The opinion of the court was delivered by: BRUCHHAUSEN
This action and three other actions were tried by the Court without a jury. The plaintiff in each such action seeks recovery of Federal Unemployment and Federal Insurance Contribution taxes, assessed and paid under 26 U.S.C.A. 1952 ed., §§ 1426(d) and 1607(i), now 26 U.S.C.A. §§ 3121(d) and 3306(i).
The said other three actions are entitled as follows, viz.: The O. G. Norton Company, Inc. v. United States of America, Civil No. 13800; New York Bondstone Corporation v. United States of America, Civil No. 14965 and Queensboro Construction Company v. United States of America, Civil No. 14983.
In each of the cases the plaintiff alleges that the payments were erroneously made since the workers for whom the taxes were paid were independent contractors and not employees as defined in the statute. Whether said workers were independent contractors or employees is the sole issue in each case.
The basic factual elements apply to each action. The plaintiffs are engaged in various branches of the home improvement business in that Norton supplies and installs storm windows, Consolidated and Queensboro improve roofs and side walls and Bondstone applies bondstone roofing and siding. The methods of operation of each plaintiff are essentially similar.
It was established that contracts for application of the various materials were obtained by plaintiffs' salesmen and a work sheet prepared for each job. Each work sheet contained the name of the customer, the site of the job, a general description of the work to be performed and the total cost thereof. The job sheet was then offered to an installer or applicator at an agreed rate per unit.
Plaintiffs had lists of available applicators and would call one of them and offer him the job. The applicator had the right to reject such offer. If the applicator accepted the offer, plaintiff furnished the material required and either delivered such material to the job site or made it available to the applicator. Each applicator supplied his own tools as well as necessary transportation.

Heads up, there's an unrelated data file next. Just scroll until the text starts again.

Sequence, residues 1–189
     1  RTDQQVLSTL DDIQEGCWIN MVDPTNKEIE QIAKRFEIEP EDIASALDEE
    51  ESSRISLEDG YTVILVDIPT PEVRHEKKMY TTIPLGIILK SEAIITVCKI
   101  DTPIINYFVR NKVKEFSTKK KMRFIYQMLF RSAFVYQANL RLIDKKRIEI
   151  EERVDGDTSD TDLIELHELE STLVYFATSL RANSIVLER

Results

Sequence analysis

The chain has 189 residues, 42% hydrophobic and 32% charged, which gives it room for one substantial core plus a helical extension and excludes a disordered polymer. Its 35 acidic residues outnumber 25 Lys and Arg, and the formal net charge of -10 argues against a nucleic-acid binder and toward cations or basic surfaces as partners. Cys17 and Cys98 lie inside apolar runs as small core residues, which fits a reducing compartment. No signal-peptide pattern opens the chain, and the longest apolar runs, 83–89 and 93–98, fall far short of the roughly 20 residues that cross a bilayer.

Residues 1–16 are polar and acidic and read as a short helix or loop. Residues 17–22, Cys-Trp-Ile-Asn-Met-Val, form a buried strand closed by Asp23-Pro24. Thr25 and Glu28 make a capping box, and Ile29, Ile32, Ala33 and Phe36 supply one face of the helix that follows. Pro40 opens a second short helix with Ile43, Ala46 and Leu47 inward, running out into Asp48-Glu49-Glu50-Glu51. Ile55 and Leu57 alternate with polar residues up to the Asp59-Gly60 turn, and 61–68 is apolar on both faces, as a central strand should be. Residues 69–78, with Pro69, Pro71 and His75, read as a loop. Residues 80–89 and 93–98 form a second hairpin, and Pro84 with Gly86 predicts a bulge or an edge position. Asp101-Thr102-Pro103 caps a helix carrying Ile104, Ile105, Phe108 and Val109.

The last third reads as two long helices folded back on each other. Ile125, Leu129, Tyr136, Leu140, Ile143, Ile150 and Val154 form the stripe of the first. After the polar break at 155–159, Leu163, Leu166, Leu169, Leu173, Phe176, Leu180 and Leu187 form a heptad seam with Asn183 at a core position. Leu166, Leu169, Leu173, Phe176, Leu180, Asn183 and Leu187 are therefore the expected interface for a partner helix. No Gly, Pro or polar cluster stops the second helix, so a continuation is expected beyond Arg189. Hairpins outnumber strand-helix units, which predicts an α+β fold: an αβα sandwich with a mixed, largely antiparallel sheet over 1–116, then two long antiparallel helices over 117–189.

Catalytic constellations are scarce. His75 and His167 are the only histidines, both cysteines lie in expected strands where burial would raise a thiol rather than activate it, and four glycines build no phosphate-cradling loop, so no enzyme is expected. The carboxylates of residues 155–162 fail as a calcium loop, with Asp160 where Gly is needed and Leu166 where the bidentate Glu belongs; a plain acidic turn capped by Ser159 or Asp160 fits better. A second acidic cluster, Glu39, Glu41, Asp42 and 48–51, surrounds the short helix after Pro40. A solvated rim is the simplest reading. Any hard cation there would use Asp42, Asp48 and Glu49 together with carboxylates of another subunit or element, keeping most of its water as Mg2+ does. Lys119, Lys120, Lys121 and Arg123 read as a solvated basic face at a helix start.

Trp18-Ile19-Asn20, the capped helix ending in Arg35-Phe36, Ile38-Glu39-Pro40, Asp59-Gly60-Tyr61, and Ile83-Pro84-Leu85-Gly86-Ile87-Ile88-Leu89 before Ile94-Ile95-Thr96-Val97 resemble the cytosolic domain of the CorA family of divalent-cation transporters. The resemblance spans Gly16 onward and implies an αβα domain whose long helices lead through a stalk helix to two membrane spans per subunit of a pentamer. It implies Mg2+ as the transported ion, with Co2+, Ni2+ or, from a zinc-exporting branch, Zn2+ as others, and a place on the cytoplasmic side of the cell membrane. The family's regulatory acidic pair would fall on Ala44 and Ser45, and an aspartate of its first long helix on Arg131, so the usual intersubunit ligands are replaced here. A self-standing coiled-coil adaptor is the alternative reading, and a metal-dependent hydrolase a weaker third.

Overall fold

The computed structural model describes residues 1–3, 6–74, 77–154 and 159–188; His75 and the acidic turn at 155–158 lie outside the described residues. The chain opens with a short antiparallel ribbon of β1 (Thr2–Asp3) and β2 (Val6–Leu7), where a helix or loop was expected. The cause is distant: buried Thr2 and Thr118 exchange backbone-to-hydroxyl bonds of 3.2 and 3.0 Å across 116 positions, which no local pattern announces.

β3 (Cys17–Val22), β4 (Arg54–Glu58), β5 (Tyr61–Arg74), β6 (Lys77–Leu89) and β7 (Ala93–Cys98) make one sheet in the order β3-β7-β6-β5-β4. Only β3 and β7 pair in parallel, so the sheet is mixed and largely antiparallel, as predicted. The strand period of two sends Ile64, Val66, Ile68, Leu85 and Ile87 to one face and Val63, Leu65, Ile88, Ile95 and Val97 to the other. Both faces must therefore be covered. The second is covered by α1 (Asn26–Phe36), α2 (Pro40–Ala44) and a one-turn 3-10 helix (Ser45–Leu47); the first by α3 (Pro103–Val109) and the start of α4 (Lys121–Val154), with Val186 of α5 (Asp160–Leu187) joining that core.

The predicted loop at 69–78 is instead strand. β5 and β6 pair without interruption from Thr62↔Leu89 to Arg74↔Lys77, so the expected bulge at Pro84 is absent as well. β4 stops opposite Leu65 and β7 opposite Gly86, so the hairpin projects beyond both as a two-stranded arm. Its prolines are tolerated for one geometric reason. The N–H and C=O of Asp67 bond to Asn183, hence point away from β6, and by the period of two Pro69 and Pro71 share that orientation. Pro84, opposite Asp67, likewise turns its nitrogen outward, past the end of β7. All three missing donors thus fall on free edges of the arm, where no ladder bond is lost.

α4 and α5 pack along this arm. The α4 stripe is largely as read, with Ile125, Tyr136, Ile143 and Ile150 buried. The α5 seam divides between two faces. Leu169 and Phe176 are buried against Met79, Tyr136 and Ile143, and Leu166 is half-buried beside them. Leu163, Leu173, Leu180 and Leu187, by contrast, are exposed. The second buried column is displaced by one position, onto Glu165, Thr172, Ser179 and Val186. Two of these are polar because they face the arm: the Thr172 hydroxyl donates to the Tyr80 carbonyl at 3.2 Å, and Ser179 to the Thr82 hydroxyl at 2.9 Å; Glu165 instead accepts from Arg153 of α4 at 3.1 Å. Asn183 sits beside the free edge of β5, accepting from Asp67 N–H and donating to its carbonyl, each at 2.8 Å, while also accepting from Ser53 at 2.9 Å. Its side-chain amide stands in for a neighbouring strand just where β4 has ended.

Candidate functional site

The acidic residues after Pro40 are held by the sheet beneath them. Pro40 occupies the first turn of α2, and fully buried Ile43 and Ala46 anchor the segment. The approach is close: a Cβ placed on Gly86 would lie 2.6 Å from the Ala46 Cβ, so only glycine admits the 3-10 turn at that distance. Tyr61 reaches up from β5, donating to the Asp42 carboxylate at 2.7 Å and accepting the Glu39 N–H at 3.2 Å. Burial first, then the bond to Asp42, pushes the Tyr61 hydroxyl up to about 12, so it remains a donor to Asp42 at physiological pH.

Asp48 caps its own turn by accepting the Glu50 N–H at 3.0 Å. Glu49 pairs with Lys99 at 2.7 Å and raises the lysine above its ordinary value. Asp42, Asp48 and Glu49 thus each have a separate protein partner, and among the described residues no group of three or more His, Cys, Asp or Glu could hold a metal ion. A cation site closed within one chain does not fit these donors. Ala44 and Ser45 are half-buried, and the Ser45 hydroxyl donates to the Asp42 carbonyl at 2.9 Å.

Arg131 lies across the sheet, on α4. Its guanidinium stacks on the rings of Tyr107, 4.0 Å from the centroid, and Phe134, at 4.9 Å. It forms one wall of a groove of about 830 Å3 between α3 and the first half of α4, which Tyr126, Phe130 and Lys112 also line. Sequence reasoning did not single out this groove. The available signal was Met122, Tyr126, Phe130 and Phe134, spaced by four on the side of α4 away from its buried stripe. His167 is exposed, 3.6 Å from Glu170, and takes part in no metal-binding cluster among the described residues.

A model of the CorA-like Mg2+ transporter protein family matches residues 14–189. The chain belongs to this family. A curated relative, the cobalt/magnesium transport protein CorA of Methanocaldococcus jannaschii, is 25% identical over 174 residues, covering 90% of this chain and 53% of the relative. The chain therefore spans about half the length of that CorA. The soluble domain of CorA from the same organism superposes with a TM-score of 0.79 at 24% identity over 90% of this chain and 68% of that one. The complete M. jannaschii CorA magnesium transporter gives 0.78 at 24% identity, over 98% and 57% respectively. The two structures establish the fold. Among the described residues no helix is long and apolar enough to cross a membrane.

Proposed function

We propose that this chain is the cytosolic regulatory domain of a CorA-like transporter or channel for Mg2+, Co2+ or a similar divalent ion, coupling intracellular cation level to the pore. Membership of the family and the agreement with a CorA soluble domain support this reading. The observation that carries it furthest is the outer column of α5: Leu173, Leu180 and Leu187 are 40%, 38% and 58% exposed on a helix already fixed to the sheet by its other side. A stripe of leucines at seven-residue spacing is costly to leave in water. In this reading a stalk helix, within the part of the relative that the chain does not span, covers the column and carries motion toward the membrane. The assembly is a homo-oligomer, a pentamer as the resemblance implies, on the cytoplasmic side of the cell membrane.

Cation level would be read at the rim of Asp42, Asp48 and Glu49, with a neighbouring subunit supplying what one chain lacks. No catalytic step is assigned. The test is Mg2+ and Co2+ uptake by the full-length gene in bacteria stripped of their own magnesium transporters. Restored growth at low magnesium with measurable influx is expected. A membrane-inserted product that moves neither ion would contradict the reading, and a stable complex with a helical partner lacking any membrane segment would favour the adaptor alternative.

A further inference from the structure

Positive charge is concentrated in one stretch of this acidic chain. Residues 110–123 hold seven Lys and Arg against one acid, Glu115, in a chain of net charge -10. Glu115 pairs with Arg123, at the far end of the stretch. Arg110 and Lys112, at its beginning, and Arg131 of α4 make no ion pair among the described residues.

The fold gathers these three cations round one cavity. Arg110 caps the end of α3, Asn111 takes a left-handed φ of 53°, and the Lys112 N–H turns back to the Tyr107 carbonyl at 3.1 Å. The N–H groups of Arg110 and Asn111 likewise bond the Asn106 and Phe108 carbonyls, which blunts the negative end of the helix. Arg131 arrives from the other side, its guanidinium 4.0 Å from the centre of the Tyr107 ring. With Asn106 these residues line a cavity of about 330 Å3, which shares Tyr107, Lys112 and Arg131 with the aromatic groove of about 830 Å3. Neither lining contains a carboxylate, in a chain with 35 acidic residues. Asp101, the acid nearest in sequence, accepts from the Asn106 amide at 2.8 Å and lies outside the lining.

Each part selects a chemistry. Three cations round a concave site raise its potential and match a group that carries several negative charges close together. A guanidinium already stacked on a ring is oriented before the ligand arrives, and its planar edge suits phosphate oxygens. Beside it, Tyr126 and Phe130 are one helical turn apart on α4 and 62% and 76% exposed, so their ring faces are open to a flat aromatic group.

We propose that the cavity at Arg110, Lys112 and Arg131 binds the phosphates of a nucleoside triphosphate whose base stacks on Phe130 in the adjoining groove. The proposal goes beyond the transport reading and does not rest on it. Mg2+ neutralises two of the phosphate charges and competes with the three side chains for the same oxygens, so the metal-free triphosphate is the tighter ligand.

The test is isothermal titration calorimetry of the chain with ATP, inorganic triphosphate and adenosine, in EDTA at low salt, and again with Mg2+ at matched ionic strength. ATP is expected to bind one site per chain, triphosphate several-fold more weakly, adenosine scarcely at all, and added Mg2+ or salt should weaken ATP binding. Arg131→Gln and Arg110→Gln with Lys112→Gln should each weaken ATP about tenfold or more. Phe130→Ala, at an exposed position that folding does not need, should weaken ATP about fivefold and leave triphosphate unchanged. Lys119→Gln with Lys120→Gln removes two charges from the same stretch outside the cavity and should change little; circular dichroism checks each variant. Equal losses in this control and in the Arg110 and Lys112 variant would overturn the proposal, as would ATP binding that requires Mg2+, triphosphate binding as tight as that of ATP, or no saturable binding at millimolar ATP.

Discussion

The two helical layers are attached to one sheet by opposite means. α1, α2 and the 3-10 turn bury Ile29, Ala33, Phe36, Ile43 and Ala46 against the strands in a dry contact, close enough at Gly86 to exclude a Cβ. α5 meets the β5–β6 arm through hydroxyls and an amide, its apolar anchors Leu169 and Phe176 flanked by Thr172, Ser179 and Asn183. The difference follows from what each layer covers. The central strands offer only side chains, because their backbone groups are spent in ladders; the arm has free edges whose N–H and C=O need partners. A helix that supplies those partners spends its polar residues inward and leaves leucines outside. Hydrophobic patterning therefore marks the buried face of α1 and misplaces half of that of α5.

Plaintiffs did not supervise the work of the applicators nor instruct them as to how the job should be performed. During the process of the work, plaintiffs would not remove an applicator nor shift him to another job. However, if an applicator's work was unsatisfactory, the affected plaintiff would refrain from offering that applicator additional work sheets. Plaintiffs had no obligation to offer the applicators any specific number of jobs during the course of a year nor were the applicators required to accept a specific number. There was no agreement as to how long a specific job should take and an applicator could determine his own work hours.
Payment was based on an entire job but periodic payments based on the amount of work already performed were usually made one day each week. If a customer required extra work, the applicator would negotiate with the plaintiff concerned and be paid a flat rate in addition to his basic fee.
Applicators could hire helpers as required but were responsible for their compensation. Plaintiffs did not have the right to approve the helpers nor were they obligated to pay their compensation, if hired.
Upon completion of a job the applicator caused the customer to sign for it and delivered the signed receipt to the affected plaintiff for payment of the agreed price. If the work was unsatisfactory, the applicator was obligated to correct the deficiency without additional compensation. Upon the completion of the task the applicator was free to contract with others for work.
There is no fixed rule applicable to a situation in order to ascertain whether workers are independent contractors or employees. A number of elements such as degree of control, opportunity for profit and loss, investment in facilities, permanency of relationship and skill required in the claimed independent operation are important and must be considered. No one is controlling nor is the list complete. United States v. Silk, 331 U.S. 704, 67 S. Ct. 1463, 91 L. Ed. 1757. The entire situation must be considered. Bartels v. Birmingham, 332 U.S. 126, 67 S. Ct. 1547, 91 L. Ed. 1947.
The workers herein involved were independent contractors and not employees.
While all of the facts in a particular situation must be considered, the element of control is emphasized rather than the details of the workers' performance. Radio City Music Hall Corp. v. United States, 2 Cir., 135 F.2d 715.
The control exercised by plaintiffs in these cases was more comparable to that of a general contractor over a subcontractor than that of an employer over an employee. Once hired, the worker had almost complete discretion as to the operating details of the job to be performed. He prepared his own work schedule, hired his own helpers, applied the materials in his own way and generally conducted his own affairs. Plaintiffs' only supervision was superficial and more in the nature of customer relations than supervision. An ...